CHICAGO – Billy Donovan wasn't on the market for long — hardly a shocker given he's won everywhere he's coached.
That he's headed to Chicago might be a surprise, only because big and bold moves have been few and far between for the team. Then again, these aren't the same old Bulls.
Chicago struck it big Tuesday, hiring Donovan and landing one of the top candidates on the market to lead a rebuilding team with an overhauled front office.
The 55-year-old Donovan spent the past five seasons with the Oklahoma City Thunder. He replaces Jim Boylen, who was fired after the Bulls finished 22-43 and were one of the eight teams that didn’t qualify for the NBA’s restart at Walt Disney World.
In a statement, Donovan thanked ownership and said he's looking forward to working with new executive vice president of basketball operations Arturas Karnisovas.
“I’m excited to partner with Arturas as we work together on behalf of this historic franchise,” he said.
The Bulls came into the season with their sights set on a playoff spot. They were 11th in the Eastern Conference when play was stopped in March and decided they needed new leadership.
Chicago hired Karnisovas as executive vice president of basketball operations in April out of Denver's front office and shifted John Paxson into an advisory role. The Bulls also brought in general manager Marc Eversley to replace the fired Gar Forman, and they let Boylen go last month.
Donovan went 243-157 as coach of the Thunder and reached the playoffs each year. He was a finalist for Coach of the Year this season after his team outperformed expectations and pushed the Houston Rockets to seven games in the first round of the playoffs. But with his contract expiring, the Thunder announced two weeks ago he would not return, saying it was a mutual decision.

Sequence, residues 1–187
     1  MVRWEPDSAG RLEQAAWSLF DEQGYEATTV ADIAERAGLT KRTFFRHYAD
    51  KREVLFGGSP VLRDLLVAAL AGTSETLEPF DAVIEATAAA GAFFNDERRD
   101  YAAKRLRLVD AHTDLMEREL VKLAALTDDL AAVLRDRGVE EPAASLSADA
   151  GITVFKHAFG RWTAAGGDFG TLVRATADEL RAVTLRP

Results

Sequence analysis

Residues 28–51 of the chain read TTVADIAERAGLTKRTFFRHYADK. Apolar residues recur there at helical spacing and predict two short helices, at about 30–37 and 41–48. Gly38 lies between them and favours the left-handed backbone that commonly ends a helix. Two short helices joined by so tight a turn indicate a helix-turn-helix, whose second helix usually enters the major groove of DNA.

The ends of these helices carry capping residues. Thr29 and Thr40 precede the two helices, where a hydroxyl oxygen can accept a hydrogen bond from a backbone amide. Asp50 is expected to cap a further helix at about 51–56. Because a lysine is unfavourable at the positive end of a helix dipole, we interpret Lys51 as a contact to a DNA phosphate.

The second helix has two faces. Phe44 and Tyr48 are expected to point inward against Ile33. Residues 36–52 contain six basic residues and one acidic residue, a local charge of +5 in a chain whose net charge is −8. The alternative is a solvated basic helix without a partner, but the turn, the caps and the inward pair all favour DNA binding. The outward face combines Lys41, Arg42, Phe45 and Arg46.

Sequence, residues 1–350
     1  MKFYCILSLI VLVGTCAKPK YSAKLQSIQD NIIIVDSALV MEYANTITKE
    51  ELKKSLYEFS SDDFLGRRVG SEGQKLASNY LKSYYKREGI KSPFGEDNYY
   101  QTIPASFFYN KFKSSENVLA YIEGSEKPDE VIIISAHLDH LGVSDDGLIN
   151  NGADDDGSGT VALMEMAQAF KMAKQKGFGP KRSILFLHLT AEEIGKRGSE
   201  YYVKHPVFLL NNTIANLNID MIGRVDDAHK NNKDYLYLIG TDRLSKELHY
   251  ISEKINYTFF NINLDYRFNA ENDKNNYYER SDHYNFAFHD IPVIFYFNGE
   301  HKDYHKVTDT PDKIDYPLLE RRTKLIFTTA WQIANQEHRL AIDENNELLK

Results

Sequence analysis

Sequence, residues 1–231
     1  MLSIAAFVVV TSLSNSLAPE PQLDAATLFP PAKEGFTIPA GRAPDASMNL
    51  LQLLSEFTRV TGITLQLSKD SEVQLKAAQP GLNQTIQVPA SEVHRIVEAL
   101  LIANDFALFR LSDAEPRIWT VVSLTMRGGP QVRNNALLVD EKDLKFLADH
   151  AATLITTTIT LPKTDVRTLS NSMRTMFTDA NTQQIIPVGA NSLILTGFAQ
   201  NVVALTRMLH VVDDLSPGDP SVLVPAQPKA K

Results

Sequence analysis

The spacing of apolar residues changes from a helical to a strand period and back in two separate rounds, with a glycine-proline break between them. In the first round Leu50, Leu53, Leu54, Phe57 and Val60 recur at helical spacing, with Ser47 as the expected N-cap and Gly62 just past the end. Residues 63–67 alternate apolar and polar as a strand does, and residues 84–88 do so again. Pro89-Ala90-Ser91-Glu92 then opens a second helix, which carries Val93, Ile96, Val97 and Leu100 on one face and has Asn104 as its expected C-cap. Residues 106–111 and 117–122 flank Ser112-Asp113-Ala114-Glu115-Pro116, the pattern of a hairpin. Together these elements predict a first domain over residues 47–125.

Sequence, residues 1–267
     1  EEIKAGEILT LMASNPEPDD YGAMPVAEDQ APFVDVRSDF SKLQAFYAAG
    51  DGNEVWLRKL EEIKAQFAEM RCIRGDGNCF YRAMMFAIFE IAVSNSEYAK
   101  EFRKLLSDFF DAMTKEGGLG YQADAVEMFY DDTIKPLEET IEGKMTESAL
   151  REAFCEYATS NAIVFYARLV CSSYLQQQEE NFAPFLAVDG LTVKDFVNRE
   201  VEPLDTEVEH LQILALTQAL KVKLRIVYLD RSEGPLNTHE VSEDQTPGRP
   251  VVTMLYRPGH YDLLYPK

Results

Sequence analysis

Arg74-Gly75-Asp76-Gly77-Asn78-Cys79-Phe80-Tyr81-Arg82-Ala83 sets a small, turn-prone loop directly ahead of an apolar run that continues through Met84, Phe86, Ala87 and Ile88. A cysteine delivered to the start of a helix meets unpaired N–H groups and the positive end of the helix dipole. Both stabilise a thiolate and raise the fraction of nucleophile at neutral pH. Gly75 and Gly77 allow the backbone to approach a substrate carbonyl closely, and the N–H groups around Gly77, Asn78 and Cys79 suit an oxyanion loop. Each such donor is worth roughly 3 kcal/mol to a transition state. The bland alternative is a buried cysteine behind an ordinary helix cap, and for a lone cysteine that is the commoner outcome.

Before his time with the Thunder, Donovan coached for 19 seasons at the University of Florida, winning two NCAA titles.
“We are very pleased to welcome Billy and his family to the Chicago Bulls,” Karnisovas said. "The success that he has sustained over the course of his coaching career puts him on a different level. We feel his ability to help his players reach their potential, both individually and collectively, will mesh well with our roster. Whether as a player or as a coach, he has won everywhere his career has taken him, and we hope that will continue here in Chicago.”
Donovan inherited All-Stars Kevin Durant and Russell Westbrook when he was hired before the 2015-16 season. Oklahoma City reached the Western Conference Finals, squandering a 3-1 lead against Golden State.
Durant joined the Warriors after that season, shaking the Thunder and their fans. But Oklahoma City remained competitive.
Westbrook averaged triple-doubles the next three seasons and was MVP in 2017. The Thunder traded for Paul George and Carmelo Anthony prior to the 2017-18 season in an effort to challenge Golden State. But they've lost in the first round four straight times since that run to the conference finals.
They came into this season with lower expectations after trading Westbrook to Houston for Chris Paul and sending George to the Los Angeles Clippers for Shai Gilgeous-Alexander and Danilo Gallinari. But they went 44-28 and pushed the Rockets to the brink in the playoffs.
The Bulls are counting on Donovan to give them a lift after the team missed the postseason for the fourth time in five years.
On the court, the Bulls are led by Zach LaVine, who averaged 25.5 points this season, and Lauri Markkanen, who took a step back. The 7-footer from Finland missed 15 games with a pelvic injury and his scoring and rebounding numbers dropped.
Chicago hosted the All-Star game but didn’t have a player selected. That hammered home just how far the Bulls have fallen.
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